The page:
January 17, 2014:A Taliban suicide squad attacked a restaurant in Kabul’s diplomatic quarter. In what was regarded as the worst attack on foreign civilians in Afghanistan since the U.S.-led invasion in 2001. The 13 foreign victims included the country head of the International Monetary Fund (IMF) and four UN staff members. (21 killed, unknown wounded)[8]

September 15, 2015:Taliban insurgents seize the city of Kunduz marking the biggest advancement made by the Taliban since the U.S.-led invasion in 2001. The attack did not result in many casualties but gave control of the city to the Taliban and resulted in the release of 500 prisoners from the local jail. (4 killed, unknown wounded)[9]

April 19, 2016:Armed militants in Afghanistan stormed a key government security agency in Kabul as part of a coordinated assault, killing at least 28 people and wounding more than 320. The Taliban claimed responsibility for the attack, which included a suicide car bombing. (28 killed, 320 wounded). [10]

April 21, 2017:Taliban militants disguised as Afghan army personnel attack an army base in the Balkh province. The attack was conducted by multiple suicide bombers and gunmen. Afghanistan’s defense minister and army chief of staff resign following the attack. (100 killed, unknown wounded).[11]

August 3-5, 2017:600 militants attack a village in the Sar-e Pul province, capturing the village after a 48-hour battle against the Afghan local police. Afghan officials claimed it was a join operation conducted by the Taliban and ISIS yet the Taliban denied working with ISIS or any other foreign fighters. (50 killed, unknown wounded).[12]

June 20, 2018:Taliban militants attacked Afghan soldiers and captured a military base in the Western province of Badghis. This was their first major attack after a ceasefire was called for the Eid al-Fitr holiday. (46 killed, unknown wounded).[13]

 


[1]Rashid, Ahmed. Taliban: Militant Islam, Oil, and Fundamentalism in Central Asia. New Haven: Yale University Press. 1996).

[2]"Afghanistan in the Shadow of Ahmad Shah Massoud." - Al Jazeera English. 09 Sept. 2014. Web. 05 Mar 2016

[3]"Suicide bomber kills 16 in Afghanistan." USA Today. 08 Sept 2006. Web. 05 Mar 2016.

[4]Wafa, Abdul Wahleed. "Cheney Unhurt After Bombing in Afghanistan." The New York Times. 27 Feb 2007. Web. 05 Mar. 2016.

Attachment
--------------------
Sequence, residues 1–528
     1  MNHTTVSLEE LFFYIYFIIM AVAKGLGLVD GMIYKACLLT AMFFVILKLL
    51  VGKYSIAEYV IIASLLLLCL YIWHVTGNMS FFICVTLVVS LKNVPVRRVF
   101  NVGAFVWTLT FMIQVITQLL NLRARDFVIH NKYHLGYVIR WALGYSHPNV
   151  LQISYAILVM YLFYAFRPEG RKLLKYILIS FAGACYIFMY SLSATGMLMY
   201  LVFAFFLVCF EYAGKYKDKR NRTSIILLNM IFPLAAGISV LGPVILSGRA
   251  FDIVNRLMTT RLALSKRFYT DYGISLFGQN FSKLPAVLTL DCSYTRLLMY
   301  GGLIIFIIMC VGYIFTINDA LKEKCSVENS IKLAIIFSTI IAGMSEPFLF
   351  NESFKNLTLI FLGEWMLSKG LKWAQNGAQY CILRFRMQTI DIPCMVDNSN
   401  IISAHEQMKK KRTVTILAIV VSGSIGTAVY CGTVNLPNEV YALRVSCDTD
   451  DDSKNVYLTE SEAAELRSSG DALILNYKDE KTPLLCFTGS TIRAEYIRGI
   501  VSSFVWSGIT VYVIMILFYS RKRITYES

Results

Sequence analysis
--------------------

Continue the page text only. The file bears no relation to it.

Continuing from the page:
[5]"Afghan President's Brother, Ahmad Wali Karzai, Killed" BBC News. 12 July 2011. Web. 06 Mar. 2016.

[6] Rubin, Alissa J. "Assassination Deals Blow to Peace Process in Afghanistan." The New York Times. The New York Times, 20 Sept. 2011. Web. 06 Mar. 2016.

[7]Cahall, Bailey. "17 Afghan Civilians Killed in Taliban Attack on Supreme Court." Foreign Policy. 12 June 2013. Web. 06 Mar. 2016.

[8]"Taliban Suicide Attackers Kill at Least 21 at Kabul Restaurant." The Guardian. The Guardian, 17 Jan. 2014. Web. 06 Mar. 2016.

[9]"Taliban Overrun Afghan City of Kunduz”. BBC News. 28 Sept. 2015. Web. 06 Mar. 2016.

[10]Smith, Josh, and Hamid Shalizi. "Afghan Taliban Kill at Least 28 in Major Attack in Central Kabul." Reuters. Thomson Reuters, 19 Apr. 2016. Web. 26 Apr. 2016.

[11]Amiri, Ehsanullah, and Jessica Donati. “Taliban Fighters Infiltrate Afghan Army Base, Kill More Than 100.” The Wall Street Journal, Dow Jones & Company, 22 Apr. 2017, www.wsj.com/articles/taliban-fighters-infiltrate-afghan-army-post-killin....

[12]Al Jazeera. “Officials: Taliban, ISIL Coordinated Sar-e Pul Attack.” Israeli–Palestinian Conflict | Al Jazeera, Al Jazeera, 7 Aug. 2017, www.aljazeera.com/news/2017/08/sar-pul-taliban-isil-joined-forces-kill-a....

[13]AAN Team. “The Eid Ceasefire: What Did (Some of the) People Think?” Afghanistan Analysts Network, 29 June 2018, www.afghanistan-analysts.org/the-eid-ceasefire-what-did-some-of-the-people-think/; “Afghan Conflict: Taliban in First Major Attack since Eid Truce.” BBC News, BBC, 20 June 2018, www.bbc.com/news/world-asia-44545131.

 

Interactions

Foreign Designations and Listings, Community Relations, Relations with Other Groups, State Sponsors and External Influences

    Designated/Listed
  • Designated/Listed
  • Community Relations
  • Relationships with Other Groups
  • State Sponsors and External Influences

Designated/Listed

United States:Although the White House initially designated the Taliban as a sponsor of terrorism under Executive Order 13129 in July 1999, the group is currently classified as an armed insurgent group.[1]

New Zealand:New Zealand designated the Taliban as a terrorist organization on October 17, 2002 in accordance to the Terrorism Suppression Act.[2]

Russia: Russia listed the Taliban as a terrorist organization on February 14, 2003.[3]

The Afghan Taliban is not designated as a terrorist group by the United States Department of State or any other U.S. government entity, United Nations, or European Union.[4]